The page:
Saturday, August 15, 2009

Britain's "evil" health care system

As anyone who has not been on vacation for the last few months somewhere in the outer reaches of the solar system knows, the debate over health care reform in the United States has heated up. Lately it has gotten smoking hot with organized protests and even disruptive behavior at town hall meetings across the country. People on both sides of this debate are getting very charged and making highly exaggerated claims. Sometimes these border on hysteria.

Case in point; recently former Alaska governor and GOP Vice-Presidential candidate Sarah Palin referred to Britain's system of national health insurance as evil. This charge including that word have since been picked up by numerous other critics of proposed health reform. Now one might expect a demagogue and professional wind bag like Rush Limbaugh to make those kinds of remarks. But Palin is widely seen as having very high political ambitions. Those kinds of remarks are depressing because they demonstrate a lack of restraint and gravitas on the part of people who are leading the debate on one of the most important legislative reforms our country has considered since the civil rights laws of the 1960's.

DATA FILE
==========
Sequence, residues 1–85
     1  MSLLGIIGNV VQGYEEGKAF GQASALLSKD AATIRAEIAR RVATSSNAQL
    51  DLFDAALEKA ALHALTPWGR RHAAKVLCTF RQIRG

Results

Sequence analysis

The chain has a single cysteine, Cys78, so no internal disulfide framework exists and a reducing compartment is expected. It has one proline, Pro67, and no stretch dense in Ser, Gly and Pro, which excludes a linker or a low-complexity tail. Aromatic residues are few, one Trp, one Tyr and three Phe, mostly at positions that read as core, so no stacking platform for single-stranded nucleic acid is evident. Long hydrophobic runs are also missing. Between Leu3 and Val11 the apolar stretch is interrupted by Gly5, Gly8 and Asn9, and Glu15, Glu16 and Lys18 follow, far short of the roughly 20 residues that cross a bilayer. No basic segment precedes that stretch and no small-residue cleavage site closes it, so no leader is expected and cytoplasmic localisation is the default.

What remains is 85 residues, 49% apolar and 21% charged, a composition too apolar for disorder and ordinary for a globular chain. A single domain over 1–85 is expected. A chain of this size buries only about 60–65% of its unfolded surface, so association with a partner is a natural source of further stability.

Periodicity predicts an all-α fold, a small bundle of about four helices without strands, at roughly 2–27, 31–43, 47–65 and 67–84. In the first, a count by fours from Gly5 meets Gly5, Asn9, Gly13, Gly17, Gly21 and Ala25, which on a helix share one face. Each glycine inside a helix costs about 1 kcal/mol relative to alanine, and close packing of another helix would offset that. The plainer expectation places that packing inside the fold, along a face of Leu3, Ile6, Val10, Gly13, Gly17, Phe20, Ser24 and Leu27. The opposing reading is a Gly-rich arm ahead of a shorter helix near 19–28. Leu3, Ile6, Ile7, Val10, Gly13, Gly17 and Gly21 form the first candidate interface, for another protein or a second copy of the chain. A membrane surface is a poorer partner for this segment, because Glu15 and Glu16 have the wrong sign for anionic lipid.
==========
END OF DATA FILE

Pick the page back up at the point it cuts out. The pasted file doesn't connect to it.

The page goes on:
Oddly no one seems to care that someone many Republicans hope to one day see run for President has seriously ticked off our country's closest ally. Although it has gotten little play in our media and press, in Britain public opinion was deeply shocked buy Palin's harsh remarks. Many Britons have responded in language that can't be printed on a Christian blog. But in summary there seems to be a consensus that Palin is a bloody idiot who is not ready for this country's top job. This does not bode well should she seek the presidency. But I digress.